Are there any secrets in the Canadian Rockies? Some descriptive phrases are used so frequently in destination marketing they have become clichés that end up losing all meaning. When you hear them too many times, you stop paying attention. Such is the case with the phrase “the best kept secret.” With all the modes of communication available in our modern world, there are few places that can accurately use this phrase. Despite this, many attractions, hotels, restaurants and destinations have it plastered all over their advertisements, websites and Facebook pages.
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Explore Three Hidden Gems in Banff, Jasper and Kananaskis
The abundant use of the phrase “the best kept secret” got me thinking about it. I wondered if there were any places left in Alberta’s top tourist destination that could really be considered “secrets.” Such an attraction or destination would have to be relatively undiscovered by the travelling masses, but have something truly unique to offer. Here are three spots that I believe could accurately be described with this cliché – though I don’t necessarily recommend they use it.
The Banff Centre is well known for its arts programs and its summer arts festival, an annual feast of music, dance, art, culture and literary exhibitions. What it doesn’t advertise is the fact that it also has more than 400 hotel rooms and suites, an amazing fitness facility and one of the best restaurants in Banff. The facilities were put in place to provide accommodations, recreation and meals to program and conference attendees at the Banff Centre, but there is often extra availability that can accommodate other visitors to Banff. Since the Banff Centre receives some of its funding from government sources, it cannot advertise these facilities or the government would appear to be competing with private industry. That is what truly makes this hotel a secret of sorts.
Room types at the Banff Centre range from basic hotel rooms to kitchenette suites and luxury suites with fireplaces and jetted tubs. The hotel has dedicated front desk staff, a bell desk and offers room service. Guests at the hotel have full access to the Sally Borden Fitness and Recreation Centre, an amazing facility with a full size gymnasium, an indoor running track, a huge fitness centre, a climbing room, an Olympic size pool, a wading pool, a hot tub and a steam room. There are also onsite physio and massage services and parking is included in the rates. Rates for rooms start at $149 CAD per night during slow season and go up to $299 CAD for the most luxurious suites during peak season – a bargain in one of Alberta’s hottest travel markets.
There are several excellent onsite restaurants, but the Three Ravens Restaurant & Wine Bar is absolutely amazing. One of the top-ranked restaurants in Banff; the menu is fresh, seasonal and creative. Everything is made in-house from the four types of butter served with your breads to the sorbets served with dessert and the view from the floor-to-ceiling windows is spectacular.
Related: See 12 stunning photos of Jasper in winter.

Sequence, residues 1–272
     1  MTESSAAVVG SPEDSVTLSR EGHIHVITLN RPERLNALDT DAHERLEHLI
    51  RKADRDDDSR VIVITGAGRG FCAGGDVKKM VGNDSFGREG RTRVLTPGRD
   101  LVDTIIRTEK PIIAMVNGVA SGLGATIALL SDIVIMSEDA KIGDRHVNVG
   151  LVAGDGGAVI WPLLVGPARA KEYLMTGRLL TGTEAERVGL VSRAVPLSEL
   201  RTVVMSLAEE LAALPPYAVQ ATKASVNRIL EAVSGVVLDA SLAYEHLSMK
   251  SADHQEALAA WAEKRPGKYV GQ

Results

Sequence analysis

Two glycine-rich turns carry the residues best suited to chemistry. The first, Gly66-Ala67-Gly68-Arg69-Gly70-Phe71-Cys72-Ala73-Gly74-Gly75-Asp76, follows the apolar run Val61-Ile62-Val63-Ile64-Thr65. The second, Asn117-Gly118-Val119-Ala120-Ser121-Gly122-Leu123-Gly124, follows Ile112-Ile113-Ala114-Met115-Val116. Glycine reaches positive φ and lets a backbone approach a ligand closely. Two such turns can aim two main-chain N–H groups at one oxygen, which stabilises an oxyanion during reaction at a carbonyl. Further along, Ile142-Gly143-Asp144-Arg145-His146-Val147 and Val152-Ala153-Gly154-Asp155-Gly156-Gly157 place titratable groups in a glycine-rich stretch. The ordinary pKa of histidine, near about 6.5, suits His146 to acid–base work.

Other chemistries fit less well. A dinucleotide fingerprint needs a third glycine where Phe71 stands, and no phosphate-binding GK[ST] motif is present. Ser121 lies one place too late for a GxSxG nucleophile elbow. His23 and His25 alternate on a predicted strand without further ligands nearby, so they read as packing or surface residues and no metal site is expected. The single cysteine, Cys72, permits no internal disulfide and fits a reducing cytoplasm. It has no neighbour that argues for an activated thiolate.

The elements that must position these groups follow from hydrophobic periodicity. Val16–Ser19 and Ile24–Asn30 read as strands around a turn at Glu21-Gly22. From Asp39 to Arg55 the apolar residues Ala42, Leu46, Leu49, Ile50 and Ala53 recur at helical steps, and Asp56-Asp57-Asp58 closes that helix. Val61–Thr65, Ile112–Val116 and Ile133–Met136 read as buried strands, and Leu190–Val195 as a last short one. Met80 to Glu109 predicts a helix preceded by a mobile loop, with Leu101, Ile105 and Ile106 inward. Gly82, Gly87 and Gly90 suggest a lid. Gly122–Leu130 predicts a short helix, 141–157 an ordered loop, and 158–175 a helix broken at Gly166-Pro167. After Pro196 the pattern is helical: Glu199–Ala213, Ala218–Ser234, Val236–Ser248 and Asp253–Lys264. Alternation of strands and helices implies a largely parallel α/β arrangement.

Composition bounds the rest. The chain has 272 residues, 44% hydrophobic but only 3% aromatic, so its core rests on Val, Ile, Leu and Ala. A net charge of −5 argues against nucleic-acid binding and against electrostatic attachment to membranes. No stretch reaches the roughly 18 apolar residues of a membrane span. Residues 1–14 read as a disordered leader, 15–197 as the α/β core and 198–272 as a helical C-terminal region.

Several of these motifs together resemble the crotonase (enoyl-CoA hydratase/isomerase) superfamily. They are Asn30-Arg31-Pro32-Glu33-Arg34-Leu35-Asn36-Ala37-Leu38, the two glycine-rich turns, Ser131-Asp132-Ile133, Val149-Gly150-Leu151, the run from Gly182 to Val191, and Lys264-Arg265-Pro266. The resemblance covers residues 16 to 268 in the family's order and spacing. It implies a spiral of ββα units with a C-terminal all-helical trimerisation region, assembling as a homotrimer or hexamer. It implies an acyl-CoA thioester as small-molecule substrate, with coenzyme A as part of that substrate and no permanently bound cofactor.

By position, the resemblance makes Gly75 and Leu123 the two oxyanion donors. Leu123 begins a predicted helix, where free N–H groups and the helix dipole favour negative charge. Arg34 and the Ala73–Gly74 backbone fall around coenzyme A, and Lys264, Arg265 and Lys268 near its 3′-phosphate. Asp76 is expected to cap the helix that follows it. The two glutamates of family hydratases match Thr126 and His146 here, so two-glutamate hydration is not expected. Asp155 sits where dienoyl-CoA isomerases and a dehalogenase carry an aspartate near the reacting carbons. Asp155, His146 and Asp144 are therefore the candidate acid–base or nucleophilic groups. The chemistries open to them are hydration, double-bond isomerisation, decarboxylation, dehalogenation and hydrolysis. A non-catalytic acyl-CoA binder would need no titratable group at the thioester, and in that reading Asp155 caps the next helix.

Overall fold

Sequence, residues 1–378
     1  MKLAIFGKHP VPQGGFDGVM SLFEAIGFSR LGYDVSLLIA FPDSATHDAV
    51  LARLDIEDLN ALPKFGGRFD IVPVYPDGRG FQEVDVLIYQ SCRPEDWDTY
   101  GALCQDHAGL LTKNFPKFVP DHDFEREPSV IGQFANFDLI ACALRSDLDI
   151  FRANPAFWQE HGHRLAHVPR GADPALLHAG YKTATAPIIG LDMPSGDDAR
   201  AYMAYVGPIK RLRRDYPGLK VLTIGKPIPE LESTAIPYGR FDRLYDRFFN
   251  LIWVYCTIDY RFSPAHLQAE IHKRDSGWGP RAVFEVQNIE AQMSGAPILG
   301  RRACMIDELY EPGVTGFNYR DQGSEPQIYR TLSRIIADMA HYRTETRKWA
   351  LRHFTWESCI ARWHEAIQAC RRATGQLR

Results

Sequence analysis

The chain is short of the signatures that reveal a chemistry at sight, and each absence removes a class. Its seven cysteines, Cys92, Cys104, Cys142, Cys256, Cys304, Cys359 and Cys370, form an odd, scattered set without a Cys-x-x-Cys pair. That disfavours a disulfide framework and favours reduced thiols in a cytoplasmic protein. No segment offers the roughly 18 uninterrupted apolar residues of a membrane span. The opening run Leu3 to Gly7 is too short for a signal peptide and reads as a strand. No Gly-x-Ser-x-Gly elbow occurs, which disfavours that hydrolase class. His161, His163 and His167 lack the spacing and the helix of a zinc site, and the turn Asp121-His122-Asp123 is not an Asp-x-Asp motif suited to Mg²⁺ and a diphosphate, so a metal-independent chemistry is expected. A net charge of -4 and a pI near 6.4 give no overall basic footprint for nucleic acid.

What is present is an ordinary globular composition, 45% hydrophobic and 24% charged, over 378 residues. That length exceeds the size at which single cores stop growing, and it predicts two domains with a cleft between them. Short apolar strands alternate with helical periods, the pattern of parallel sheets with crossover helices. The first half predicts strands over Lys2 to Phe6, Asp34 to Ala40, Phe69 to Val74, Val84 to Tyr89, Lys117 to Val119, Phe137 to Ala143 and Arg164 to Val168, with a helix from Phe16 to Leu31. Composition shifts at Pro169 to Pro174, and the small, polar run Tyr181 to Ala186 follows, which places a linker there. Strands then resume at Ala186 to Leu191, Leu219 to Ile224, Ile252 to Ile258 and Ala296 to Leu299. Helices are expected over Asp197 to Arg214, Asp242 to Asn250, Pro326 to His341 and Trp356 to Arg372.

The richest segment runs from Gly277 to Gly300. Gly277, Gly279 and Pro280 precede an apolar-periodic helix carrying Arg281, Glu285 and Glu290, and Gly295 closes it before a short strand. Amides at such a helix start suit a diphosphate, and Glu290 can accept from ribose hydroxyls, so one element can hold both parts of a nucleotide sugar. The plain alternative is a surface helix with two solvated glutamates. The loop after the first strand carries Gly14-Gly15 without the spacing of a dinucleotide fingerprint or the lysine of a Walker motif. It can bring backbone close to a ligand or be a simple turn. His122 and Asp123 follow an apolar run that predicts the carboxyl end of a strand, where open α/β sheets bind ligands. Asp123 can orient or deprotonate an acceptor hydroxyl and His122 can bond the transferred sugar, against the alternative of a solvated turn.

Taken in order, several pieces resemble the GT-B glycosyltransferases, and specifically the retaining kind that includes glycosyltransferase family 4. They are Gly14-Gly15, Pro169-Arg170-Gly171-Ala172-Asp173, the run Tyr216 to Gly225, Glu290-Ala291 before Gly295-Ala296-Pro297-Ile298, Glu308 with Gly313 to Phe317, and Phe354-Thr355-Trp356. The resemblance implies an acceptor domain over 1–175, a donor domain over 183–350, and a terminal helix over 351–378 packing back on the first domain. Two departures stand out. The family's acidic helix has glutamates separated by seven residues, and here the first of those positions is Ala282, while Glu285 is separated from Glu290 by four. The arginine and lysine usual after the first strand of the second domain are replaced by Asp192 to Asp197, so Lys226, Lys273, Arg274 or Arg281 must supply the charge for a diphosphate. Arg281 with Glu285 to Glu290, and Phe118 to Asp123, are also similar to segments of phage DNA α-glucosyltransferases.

The Parks Canada Palisades Centre is located in Jasper National Park, about 15-km east of the town in a secluded wooded area. It is the only facility of its kind in Canada and is a leader in outdoor experiential education, offering day programs as well as high school credit courses.
If you thought summer school was boring, you should think again. Alberta students can take Career and Life Management 20, a required course for high school graduation, in Jasper at the Palisades Centre. Students complete the course work in 4 intensive days, stay in Jasper at the Pallisades Centre, have fun experiences, meet other students from around the province and earn high school credit. There are several other 3 credit courses also on offer at the centre.
The onsite facilities at the Palisades Centre can also be booked by other adult, school or youth groups. The centre has been used to host corporate retreats, quilting workshops, scrapbookers, yoga retreats, meditation retreats, and other groups. Prices range from about $85-$125 CAD per night and include accommodation, 3 meals per day and programming – a bargain for a mountain resort town. The centre has facilities for up to 60 people, meeting rooms, classrooms, outdoor learning stations, rustic log cabins with modern amenities, recreational equipment and healthy home cooked meals. Rates without food are also available and groups must have at least 12 people to request meals. The site can also be rented as a day use area.
Getting away to the mountains can be particularly challenging for people with disabilities and for seniors, but the William Watson Lodge in Peter Lougheed Provincial Park makes it easy. The lodge is open year-round and has 22 fully accessible units of different sizes, so guests can bring their families. People bring their own food and bedding and have access to a playground, picnic sites and 20-km of wheelchair-accessible trails. There’s a main lodge and 13 fully serviced RV sites, which are open from the May long weekend to Thanksgiving. Rates start at $30-$40 CAD per unit per night and can be rented for up to 7 nights per season. William Watson devoted his adult life to the fight for better understanding and opportunities for the disabled and the lodge was named in his honor.